What is Inclusion?
Inclusion means all participate and all belong.
The National Inclusion Project works every day to make the inclusion of children with disabilities a reality. Since our inception, we have made a real impact by ensuring that children nationwide can experience all that life has to offer.
Our mission: The National Inclusion Project serves to bridge the gap that exists between young people with disabilities and the world around them. We partner with communities and inclusive programs creating awareness about the possibilities that inclusion can bring.
“Why can’t I go, too?” He couldn’t say the words, but the look in his eyes conveyed the message clearly as he watched his sister bound from the car to join the other children heading to day camp—swimming towels in hand, calling out to each other as they anticipated a full day of fun and activities.
From the rearview mirror, Diane saw the expression on Mike’s face, and it pierced a mother’s heart. For Mike— a young man with autism—it was another hurtful reminder.
For parents, these are moments of dread: Recognizing a child’s longing to be included, knowing all too keenly the profound pain of being left out, and wanting desperately to make it better.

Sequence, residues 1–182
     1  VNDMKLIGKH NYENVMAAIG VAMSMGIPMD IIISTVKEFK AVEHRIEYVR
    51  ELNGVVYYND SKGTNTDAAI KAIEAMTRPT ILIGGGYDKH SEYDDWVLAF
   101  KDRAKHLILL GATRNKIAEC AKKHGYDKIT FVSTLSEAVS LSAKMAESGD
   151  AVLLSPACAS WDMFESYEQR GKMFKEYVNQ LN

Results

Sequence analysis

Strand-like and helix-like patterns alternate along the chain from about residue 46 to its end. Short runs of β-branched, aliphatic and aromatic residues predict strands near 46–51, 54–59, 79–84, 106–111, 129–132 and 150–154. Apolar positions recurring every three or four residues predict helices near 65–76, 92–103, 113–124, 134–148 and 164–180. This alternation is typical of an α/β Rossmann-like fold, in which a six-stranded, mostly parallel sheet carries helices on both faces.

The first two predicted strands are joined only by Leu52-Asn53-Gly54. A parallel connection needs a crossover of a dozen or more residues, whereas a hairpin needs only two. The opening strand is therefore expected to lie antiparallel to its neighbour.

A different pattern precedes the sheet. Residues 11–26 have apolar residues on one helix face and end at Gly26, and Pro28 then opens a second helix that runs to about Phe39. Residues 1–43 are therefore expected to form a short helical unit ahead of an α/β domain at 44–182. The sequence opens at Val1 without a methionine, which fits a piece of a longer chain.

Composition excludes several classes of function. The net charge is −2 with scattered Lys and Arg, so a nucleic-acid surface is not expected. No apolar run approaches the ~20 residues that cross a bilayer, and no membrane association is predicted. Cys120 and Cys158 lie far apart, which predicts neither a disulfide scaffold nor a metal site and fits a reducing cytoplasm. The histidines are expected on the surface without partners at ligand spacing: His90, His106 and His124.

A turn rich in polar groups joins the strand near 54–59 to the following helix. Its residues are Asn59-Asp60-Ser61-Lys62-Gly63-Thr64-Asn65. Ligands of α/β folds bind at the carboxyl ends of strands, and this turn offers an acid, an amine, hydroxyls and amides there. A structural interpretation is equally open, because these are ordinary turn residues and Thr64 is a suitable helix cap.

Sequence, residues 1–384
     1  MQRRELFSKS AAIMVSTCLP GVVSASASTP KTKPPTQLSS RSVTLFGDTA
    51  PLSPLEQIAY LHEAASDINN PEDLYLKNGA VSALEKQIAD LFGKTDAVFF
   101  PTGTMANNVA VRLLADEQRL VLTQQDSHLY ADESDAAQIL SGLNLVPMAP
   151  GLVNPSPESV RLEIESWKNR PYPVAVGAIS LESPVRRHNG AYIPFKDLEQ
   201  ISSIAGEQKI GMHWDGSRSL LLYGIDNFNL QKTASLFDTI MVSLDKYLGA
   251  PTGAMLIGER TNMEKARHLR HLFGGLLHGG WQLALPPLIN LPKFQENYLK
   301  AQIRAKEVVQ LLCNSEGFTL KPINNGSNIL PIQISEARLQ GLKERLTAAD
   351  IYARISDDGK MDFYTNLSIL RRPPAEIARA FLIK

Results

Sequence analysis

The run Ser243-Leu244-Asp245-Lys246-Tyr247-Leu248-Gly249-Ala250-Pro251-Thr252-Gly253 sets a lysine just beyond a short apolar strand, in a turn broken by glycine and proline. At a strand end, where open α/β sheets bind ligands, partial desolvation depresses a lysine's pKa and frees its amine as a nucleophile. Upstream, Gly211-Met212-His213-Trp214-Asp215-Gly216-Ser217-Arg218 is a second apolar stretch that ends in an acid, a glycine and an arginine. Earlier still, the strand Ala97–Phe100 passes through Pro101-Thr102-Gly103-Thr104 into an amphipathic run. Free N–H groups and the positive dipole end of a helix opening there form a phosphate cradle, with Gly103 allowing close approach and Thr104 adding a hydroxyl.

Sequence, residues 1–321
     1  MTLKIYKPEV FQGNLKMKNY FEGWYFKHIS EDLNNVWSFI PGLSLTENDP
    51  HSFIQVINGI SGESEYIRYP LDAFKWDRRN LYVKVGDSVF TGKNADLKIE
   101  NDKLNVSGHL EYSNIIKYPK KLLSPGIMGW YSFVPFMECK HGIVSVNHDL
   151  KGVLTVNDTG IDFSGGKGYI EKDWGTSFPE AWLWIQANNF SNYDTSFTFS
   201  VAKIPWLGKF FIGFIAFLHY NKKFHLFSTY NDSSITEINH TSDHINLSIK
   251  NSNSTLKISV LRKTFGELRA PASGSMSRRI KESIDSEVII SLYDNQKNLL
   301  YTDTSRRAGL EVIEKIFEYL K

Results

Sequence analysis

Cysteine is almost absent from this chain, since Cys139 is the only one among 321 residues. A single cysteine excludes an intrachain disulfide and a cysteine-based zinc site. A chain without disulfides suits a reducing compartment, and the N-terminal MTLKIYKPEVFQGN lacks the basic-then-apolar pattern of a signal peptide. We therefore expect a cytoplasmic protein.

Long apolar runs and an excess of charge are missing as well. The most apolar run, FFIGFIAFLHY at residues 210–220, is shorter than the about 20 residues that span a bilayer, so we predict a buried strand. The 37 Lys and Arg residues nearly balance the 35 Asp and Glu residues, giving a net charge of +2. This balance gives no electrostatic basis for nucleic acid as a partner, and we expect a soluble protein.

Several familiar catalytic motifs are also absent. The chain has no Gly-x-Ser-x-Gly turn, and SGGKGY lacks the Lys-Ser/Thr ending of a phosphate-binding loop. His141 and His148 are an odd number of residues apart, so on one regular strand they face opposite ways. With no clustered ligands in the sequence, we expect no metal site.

For children challenged with physical and developmental disabilities and for those who love them, there is a strong desire to belong, but the obstacles can seem insurmountable.
Yet, love has a powerful way of overcoming obstacles and triumphing over the insurmountable.
What began as a glance back at one child has become a glimpse of the future and a vision for all children with disabilities… a vision of inclusion and a world where all children belong.
By teaching children to welcome others into their worlds, the principles of inclusion can help foster a greater sense of cooperation and empathy in the next generation.
Some limitations to inclusion are practical (such as staff, training, equipment, and curriculum); others are less tangible (such as public awareness and societal shifts in thinking). As the recognized leader in the inclusion movement, the National Inclusion Project seeks to address both the practical and philosophical nature of creating a world where all children can enjoy a sense of belonging . . .no longer on the outside looking in, but always included.